I love fall. This time of year always gets me; the changing leaves, the crisp smell in the air, the scarves and boots and warm drinks. It is one of my favorite times.
But fall is also a challenging time for me. Not too long ago, fall is when my eating disorder reached its lowest point. It's when I reached out for help and started my recovery. I think about it every year as the leaves start to turn: how lonely I felt, and how harrowing it was. How much it hurt. Each year, the memory grows a little softer and a little less painful. But it still hurts, just a little.
This fall will be five years since I started recovery. I use that phrase a lot – starting recovery, continuing recovery – because it's a process. It can take months, or years, or decades, to rise from the depths of an eating disorder.
This fall been one of the hardest of my life – on par with that difficult transition into recovery five years ago. It started with all its excitement and activity and commitment. And then we moved. And then I injured my knee. I struggled under the weight of my job and my schoolwork. And as piece after piece of pressure and challenge added itself to my life, I began to crumble.
I spent hours a day crying. I began to eat less, just a little – just enough for me to notice, but no one else. I fantasized about how little I could eat; commended myself for being “strong enough” to live on the bare minimum. I knew what was happening, but with everything I was dealing with, I didn't have the energy to fight anymore. So I gave in.
That period of relapse – a slip, an episode, whatever you want to call it – only lasted a few days, amidst a months-long sea of sadness. But it was the warning shot. I could see that I was reaching the end of my rope – physically, spiritually, emotionally. My “slip up” showed me that I couldn't live like this anymore. I needed to make a change. So I decided to go home.
It hurt. The choice to go home – to take a leave of absence from school, to live with my parents for a few months as I tried to get well – was a blow to my ego and my sense of self. I was a student and a college blogger. I was the smart girl with the A's and the prestigious college. Who would I be without those things? The thought stung.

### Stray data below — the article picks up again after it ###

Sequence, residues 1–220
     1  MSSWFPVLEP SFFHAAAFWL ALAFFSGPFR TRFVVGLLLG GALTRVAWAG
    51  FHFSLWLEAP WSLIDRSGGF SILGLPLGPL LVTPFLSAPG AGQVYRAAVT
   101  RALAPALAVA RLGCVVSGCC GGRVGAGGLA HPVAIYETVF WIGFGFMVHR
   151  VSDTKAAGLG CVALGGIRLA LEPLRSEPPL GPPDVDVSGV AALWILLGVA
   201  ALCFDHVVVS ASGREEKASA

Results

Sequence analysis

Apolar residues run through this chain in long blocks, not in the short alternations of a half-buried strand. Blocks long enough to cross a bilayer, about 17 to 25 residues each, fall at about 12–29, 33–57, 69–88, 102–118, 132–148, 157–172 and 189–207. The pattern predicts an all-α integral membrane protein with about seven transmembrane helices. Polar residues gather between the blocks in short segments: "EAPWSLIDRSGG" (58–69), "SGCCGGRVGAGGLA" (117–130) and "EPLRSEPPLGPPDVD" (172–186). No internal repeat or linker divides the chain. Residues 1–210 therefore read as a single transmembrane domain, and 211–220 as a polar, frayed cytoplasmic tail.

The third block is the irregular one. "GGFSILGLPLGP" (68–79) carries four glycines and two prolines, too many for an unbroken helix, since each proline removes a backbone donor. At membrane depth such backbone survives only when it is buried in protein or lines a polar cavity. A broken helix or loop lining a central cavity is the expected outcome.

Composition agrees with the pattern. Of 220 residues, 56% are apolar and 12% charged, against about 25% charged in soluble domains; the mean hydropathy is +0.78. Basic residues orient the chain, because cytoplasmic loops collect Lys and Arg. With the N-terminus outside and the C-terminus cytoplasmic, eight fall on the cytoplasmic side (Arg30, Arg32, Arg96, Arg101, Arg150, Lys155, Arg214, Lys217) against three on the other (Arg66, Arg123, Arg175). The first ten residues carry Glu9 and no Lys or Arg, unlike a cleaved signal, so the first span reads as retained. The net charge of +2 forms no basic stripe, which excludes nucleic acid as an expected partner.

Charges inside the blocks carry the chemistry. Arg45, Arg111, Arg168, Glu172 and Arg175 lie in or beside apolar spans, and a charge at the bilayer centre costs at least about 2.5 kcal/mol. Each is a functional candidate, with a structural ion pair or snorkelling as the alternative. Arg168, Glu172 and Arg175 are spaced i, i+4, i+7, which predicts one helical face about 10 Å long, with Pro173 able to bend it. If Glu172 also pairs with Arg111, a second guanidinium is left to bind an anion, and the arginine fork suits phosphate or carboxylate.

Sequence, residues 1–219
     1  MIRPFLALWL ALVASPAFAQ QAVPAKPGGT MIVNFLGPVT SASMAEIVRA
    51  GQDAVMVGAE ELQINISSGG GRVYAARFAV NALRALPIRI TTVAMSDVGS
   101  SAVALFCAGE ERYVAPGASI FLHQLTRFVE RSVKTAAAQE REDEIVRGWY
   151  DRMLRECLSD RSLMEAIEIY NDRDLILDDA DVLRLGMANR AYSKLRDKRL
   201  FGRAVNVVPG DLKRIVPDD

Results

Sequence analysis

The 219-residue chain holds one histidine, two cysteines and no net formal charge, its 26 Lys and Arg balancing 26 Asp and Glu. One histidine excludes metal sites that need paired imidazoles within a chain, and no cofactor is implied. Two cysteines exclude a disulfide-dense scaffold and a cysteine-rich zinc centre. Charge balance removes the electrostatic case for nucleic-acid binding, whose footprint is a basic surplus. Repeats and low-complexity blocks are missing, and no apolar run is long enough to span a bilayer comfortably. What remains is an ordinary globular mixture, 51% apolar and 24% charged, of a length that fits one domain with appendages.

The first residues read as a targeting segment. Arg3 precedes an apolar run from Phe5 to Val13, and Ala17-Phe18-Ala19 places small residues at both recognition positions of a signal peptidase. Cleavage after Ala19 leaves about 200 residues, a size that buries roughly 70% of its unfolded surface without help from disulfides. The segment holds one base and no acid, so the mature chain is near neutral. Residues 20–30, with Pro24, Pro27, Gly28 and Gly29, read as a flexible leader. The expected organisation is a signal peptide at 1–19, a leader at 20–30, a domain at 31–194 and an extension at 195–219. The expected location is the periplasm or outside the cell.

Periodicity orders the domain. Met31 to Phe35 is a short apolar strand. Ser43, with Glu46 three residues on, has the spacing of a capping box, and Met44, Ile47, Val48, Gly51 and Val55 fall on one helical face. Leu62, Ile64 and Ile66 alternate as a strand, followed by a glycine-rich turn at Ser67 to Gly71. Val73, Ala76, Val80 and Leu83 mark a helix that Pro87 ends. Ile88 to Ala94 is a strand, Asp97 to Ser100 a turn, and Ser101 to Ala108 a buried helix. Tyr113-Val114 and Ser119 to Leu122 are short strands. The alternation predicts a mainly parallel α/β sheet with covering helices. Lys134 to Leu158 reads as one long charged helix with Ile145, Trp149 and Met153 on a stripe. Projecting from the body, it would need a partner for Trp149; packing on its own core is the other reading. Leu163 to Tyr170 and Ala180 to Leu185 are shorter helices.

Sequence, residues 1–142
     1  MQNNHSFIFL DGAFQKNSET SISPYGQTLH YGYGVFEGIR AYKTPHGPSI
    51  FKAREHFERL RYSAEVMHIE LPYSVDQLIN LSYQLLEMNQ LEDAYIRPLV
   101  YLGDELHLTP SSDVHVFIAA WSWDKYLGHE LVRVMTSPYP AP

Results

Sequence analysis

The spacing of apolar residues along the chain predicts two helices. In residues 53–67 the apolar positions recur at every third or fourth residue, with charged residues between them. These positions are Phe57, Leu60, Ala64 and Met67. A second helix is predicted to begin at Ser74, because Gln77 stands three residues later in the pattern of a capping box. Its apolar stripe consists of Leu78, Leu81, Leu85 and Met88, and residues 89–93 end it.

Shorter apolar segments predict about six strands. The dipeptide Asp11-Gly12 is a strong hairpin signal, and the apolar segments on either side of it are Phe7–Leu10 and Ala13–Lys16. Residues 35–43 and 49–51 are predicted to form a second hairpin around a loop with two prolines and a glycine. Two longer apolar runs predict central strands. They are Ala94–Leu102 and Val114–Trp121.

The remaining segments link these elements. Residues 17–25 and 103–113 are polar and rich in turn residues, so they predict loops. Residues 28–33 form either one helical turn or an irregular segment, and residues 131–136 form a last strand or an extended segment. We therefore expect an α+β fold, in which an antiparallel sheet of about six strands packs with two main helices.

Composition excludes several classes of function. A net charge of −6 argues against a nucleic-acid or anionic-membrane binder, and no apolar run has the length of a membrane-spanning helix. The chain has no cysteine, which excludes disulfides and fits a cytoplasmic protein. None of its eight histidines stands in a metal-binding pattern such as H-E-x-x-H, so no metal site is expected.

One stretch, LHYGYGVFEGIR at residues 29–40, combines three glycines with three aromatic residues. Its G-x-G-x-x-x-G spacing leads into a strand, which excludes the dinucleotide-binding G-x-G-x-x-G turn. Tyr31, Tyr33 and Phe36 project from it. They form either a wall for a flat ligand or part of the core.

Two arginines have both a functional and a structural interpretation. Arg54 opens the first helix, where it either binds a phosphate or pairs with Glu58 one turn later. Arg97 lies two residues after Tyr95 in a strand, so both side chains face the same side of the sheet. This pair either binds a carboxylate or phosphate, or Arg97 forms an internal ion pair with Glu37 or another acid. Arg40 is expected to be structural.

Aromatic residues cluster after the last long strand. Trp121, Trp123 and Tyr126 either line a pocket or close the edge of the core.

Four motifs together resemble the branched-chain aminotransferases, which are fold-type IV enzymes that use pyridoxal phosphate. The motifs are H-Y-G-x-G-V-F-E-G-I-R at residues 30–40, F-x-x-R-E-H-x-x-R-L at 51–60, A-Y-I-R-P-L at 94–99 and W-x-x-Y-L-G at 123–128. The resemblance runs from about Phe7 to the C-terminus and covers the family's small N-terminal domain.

With the choice to go home, I felt like I was disappointing everyone around me. My friends, who had moved to my side of campus to live near me. My co-workers, who trusted me. My amazing supervisor, who had believed in me so much.
But when I talked to my pastor about it, he put it this way. You can't choose whether or not you'll disappoint people in your life. No matter what you do, no matter how hard you work, you'll always disappoint someone. That's not up to you.
But you do get to choose whom you'll disappoint.
In the end, I know that my friends, my co-workers, and my supervisor were not disappointed in me. My parents, my brother, my professors weren't disappointed. The one who was disappointed was me – the part of me that felt I should be living up to a certain standard, should be fulfilling all my commitments, and should be doing it with grace and ease.
Three weeks in, I can see that the choice to come home is one of the best I have ever made. Just these few weeks have been a time of rest and healing, of passion and creativity, of enormous gifts in the form of my parents and friends, my boyfriend and my book. And as this tiny idea for something fun and creative and spiritual, which started as a blog post just two weeks ago, has transformed into an eBook and a print book and a challenge of 1300 people, I know that some of this is providence.
I needed to come home so this could all fall into place. I needed to come home so I could focus on myself. And I needed to come home so that some part of me – that girl from five years ago, who fought so hard for herself and her survival – could be heard again.
Part of me may have been disappointed in myself for coming home. But there's a large part of me that's proud, too. Proud that I made a difficult choice. Proud that I prioritized my health. Proud that I put myself first.
I don't know what's next for me. I have good hours and bad hours as I continue to get well and take care of myself. But whatever is next, I know I can handle it.
Today, I am five years into recovery. Sometimes the journey is easy. Sometimes I struggle. But I know that those struggles don't make me weak.
Today, I am five years into recovery. On that day and this one, I stand strong.